Football's titanic fight
The new club, which was admitted to the A-League last week for a 2009-10 season kick-off and is being bankrolled by the Gold Coast's richest man, billionaire Clive Palmer, has shown interest in extending its influence into the Far North Coast zone.
"Of course we'd welcome the move," Kelso said.
"But we'd like to see some commitment from the club in establishing a pathway for our elite players and ideally see them assist with funding in that pathway.
"Beyond that you'd also want to see a long-term commitment by the club to service the region.
"That involves player appearances and the like.
"They really need to embrace the community to get them to develop some ownership of the club.
"It's critical to their success."
Kelso's organisation has more than 7500 players registered to play soccer, including more than 5000 juniors.
Palmer's bid leap-frogged the proposed Galaxy bid when he weighed in with a $6 million cheque for start-up costs.
The mining magnate, who is believed to be worth billions, was brought up on the Gold Coast and played rugby league and soccer.
It's not the first time a local organisation has been wooed by a professional sports club on the Gold Coast.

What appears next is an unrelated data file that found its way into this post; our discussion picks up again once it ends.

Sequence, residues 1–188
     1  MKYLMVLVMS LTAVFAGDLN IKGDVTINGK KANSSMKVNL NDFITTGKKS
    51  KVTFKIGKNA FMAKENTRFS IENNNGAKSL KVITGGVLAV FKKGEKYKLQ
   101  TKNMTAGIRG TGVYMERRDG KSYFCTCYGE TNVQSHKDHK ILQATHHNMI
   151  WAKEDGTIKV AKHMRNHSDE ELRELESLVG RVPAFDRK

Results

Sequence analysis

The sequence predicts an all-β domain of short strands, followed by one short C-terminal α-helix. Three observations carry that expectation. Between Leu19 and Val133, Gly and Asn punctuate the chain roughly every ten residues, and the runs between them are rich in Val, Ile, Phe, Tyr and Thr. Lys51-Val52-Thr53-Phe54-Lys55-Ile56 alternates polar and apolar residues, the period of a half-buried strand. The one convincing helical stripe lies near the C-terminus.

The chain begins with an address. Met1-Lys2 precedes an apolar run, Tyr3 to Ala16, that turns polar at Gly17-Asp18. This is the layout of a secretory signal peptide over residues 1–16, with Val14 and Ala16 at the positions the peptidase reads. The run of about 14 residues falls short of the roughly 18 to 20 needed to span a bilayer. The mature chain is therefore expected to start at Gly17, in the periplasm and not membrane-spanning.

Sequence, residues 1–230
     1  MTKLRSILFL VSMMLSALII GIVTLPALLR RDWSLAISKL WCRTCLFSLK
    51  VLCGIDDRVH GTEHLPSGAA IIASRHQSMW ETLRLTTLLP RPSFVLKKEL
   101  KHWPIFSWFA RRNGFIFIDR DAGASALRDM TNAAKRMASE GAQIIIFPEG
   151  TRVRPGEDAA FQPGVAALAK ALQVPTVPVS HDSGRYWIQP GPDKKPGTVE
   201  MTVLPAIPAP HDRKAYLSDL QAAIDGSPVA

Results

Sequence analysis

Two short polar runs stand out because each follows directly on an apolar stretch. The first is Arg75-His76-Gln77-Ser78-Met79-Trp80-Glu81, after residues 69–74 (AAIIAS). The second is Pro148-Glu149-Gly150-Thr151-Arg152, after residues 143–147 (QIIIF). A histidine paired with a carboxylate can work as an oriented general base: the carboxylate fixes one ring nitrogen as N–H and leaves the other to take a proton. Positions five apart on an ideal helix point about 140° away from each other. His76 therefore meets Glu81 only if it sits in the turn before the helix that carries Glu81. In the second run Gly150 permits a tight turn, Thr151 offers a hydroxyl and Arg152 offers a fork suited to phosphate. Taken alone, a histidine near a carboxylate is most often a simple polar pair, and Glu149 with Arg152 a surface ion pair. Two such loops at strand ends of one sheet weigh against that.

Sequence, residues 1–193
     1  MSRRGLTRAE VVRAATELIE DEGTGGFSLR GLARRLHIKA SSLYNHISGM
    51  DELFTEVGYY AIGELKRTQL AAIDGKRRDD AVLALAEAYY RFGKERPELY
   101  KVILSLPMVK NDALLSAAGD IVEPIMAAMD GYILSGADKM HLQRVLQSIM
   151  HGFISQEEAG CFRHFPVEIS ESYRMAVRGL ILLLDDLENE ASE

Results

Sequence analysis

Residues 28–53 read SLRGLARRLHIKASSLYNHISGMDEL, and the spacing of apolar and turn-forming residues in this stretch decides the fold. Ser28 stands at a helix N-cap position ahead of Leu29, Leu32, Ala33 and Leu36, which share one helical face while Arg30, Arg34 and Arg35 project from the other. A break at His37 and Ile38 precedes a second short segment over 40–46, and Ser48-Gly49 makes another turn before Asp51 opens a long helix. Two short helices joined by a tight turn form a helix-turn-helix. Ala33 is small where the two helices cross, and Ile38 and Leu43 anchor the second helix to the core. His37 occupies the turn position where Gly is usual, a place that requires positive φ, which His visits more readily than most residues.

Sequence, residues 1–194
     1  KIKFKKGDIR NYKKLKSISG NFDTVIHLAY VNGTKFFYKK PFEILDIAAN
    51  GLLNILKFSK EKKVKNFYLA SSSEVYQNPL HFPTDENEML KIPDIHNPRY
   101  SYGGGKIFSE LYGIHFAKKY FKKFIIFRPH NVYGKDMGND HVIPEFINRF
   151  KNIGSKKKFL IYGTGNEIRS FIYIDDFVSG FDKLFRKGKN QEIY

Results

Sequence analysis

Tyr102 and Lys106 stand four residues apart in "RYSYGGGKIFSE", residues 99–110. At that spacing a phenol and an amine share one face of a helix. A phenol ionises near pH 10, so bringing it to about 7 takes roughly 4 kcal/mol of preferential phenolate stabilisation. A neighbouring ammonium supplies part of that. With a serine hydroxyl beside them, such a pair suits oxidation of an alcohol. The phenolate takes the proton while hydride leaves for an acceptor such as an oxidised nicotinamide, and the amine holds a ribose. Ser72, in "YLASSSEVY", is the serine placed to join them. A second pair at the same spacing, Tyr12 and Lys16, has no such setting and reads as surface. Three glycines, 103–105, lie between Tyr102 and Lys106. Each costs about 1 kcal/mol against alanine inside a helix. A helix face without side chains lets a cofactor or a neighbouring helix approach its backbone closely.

The Gold Coast Titans National Rugby League club made plenty of noise about embracing the Northern Rivers as a player and spectator catchment area in 2005, when they were fighting for admittance into the NRL.
And while they've definitely put some desperately needed funds into senior and junior league since coming into the competition in 2007, the relationship is far from perfect.
It is believed the local senior league gets $30,000 a year from the Titans, while the Group One and Group 18 junior leagues each receive about $18,000.
However, the Titans squad has visited the area only once - when they played an NRL pre-season match against the Parramatta Eels at Oakes Oval in Lismore in 2007.
Since then, a number of fringe first-grade players have filtered south, but never the whole squad and never the high-profile players.
Now the Titans want to duplicate the successful Northern Rivers Academy squads with their own Under-13s and Under-14s summer squads.
Those junior teams will eventually lead into the Harold Matthews Under-16s, the SG Ball Under-18s and the National Youth Under-20s squads.